Friday, April 30, 2010

Fannie Mae Foreclosures - Basic Information For Homebuyers By Joseph B. Smith

For homebuyers, the experience of buying, or even just the idea of purchasing a house can be very exciting, overwhelming, and most of the time very confusing. With the growth of the foreclosure market and the influx of various information, homebuyers are left confused on which property to purchase. This kind of foreclosures are not much different from any other foreclosures. You just need to make sure it is the right home for you. Gathering pertinent information is the key to finding that ideal home.

What is Fannie Mae?

The Federal National Mortgage Association, more popularly known as Fannie Mae, is a corporation established in 1968 by the U.S. Congress. The Corporation was first advanced during the Great Depression.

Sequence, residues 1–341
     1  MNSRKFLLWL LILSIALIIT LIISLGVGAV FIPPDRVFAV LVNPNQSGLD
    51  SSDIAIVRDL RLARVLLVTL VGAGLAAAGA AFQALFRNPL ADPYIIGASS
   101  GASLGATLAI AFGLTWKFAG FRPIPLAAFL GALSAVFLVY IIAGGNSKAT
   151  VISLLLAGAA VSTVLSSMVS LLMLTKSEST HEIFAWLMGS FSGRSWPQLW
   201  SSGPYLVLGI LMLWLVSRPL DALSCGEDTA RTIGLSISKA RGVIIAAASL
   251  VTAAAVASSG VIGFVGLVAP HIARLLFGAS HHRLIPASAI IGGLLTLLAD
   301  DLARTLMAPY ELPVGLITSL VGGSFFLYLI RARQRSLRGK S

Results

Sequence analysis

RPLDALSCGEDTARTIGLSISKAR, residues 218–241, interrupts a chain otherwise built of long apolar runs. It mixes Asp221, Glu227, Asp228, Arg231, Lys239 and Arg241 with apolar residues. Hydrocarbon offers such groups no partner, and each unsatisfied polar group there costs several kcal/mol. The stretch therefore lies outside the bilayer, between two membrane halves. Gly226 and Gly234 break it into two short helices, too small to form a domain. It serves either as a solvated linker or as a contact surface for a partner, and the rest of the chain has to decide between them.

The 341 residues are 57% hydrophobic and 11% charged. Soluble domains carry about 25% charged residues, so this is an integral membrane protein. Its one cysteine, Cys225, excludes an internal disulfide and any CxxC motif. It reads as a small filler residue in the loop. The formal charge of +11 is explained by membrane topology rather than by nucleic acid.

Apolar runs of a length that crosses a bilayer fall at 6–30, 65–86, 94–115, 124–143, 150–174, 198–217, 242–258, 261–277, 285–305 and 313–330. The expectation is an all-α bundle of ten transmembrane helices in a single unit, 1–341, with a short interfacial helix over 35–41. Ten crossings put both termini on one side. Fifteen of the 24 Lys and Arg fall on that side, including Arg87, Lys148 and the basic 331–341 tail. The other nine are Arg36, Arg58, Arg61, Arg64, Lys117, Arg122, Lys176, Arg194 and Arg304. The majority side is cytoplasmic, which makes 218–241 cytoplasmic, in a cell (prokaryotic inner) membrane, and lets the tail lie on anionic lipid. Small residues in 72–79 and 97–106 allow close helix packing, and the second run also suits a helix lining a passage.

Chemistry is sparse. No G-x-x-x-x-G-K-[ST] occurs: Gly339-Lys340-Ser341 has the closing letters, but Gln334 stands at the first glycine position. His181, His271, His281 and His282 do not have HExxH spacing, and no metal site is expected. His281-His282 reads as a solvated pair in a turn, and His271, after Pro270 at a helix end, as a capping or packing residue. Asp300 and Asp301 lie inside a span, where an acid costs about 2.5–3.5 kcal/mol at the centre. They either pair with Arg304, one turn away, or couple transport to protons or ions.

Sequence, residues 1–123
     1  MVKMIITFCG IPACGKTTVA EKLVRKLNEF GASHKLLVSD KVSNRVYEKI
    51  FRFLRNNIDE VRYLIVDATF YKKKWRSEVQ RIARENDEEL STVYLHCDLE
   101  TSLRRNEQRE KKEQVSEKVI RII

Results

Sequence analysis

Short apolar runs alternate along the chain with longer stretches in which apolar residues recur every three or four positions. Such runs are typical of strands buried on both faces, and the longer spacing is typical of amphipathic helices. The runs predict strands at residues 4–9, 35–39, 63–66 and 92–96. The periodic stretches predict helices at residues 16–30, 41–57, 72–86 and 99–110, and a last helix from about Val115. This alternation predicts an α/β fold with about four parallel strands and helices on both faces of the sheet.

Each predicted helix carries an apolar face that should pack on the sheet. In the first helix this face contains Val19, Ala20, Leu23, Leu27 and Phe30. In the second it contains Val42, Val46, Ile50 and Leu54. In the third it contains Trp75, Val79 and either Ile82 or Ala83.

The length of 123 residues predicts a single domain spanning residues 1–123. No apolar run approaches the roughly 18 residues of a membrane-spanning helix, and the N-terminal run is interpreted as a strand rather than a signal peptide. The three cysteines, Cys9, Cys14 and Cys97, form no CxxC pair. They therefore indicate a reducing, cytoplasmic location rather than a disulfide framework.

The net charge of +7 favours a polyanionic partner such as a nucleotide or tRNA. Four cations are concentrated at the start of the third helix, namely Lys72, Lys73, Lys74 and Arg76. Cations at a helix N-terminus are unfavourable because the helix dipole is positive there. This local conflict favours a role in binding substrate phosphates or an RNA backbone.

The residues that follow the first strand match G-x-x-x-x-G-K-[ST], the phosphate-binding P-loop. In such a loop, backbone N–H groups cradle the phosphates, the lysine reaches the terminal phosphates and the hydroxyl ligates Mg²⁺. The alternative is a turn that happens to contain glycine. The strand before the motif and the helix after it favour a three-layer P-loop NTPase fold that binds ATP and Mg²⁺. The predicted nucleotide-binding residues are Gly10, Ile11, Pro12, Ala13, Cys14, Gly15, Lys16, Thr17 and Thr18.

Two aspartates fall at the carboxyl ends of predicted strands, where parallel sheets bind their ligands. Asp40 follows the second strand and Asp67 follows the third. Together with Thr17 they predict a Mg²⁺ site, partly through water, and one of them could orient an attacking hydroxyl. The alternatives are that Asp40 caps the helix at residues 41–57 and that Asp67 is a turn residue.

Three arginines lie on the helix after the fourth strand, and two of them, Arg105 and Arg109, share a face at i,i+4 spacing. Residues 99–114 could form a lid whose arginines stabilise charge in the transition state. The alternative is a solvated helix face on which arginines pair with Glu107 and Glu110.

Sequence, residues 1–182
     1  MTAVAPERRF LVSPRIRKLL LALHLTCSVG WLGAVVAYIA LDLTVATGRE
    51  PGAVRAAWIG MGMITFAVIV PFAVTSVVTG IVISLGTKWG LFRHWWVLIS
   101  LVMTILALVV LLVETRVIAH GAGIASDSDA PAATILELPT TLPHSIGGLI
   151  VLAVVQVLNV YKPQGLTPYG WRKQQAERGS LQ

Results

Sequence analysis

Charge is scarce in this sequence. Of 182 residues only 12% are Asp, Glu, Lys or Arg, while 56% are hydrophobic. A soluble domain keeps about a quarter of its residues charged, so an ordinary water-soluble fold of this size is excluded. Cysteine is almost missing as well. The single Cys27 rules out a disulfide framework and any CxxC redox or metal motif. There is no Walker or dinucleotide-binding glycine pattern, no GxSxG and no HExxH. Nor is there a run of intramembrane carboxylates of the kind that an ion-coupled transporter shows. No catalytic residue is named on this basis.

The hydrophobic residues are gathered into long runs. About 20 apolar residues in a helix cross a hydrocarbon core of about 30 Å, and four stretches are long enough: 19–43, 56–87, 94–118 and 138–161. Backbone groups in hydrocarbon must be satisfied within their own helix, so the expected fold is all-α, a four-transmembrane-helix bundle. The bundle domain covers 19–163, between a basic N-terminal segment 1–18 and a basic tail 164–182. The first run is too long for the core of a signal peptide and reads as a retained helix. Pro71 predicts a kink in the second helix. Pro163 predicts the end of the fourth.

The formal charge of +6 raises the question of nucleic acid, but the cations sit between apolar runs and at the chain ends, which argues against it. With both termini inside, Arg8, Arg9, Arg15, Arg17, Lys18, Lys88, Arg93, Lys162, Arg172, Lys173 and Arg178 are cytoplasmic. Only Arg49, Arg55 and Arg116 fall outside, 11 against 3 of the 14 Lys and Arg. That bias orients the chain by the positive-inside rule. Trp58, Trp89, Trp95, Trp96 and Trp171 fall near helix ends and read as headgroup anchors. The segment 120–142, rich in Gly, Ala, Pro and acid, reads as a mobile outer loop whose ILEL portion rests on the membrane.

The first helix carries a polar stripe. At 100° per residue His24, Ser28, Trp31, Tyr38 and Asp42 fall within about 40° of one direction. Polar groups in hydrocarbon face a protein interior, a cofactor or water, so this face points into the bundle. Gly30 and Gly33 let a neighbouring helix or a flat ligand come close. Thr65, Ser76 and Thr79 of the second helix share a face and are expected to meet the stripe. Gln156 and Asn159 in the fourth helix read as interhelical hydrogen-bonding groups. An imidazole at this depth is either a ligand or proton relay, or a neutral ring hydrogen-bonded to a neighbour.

It was during this period that a considerable number of Americans lost their homes because of they could not afford to pay their mortgage loans. The primary role of Fannie is to acquire mortgage loans in default to allow lending institutions to always have sufficient funds to loan to homebuyers, adding liquidity to the mortgage market. The Federal Housing Financial Enterprises Safety and Soundness Act of 1992 gave the responsibility to help low-income homebuyers.

The company sets the guidelines for the loans that it accepts for purchase. This allows the organization to provide guarantee to mortgage-backed securities it issues. Mortgages that follow the guidelines are called conforming loans, while those that do not are called non-conforming loans.

What are Fannie Mae foreclosures?

The Corp's objective is to make property ownership more accessible to Americans. It is a good place to start for finding foreclosure homes at discounted prices. With the primary aim of recovering the money quickly, most Fannie Mae foreclosures are priced way below the property's market value. This allows the organization to offer low-cost homes to homebuyers. Foreclosed government properties often include financial programs to help make foreclosed homes more affordable.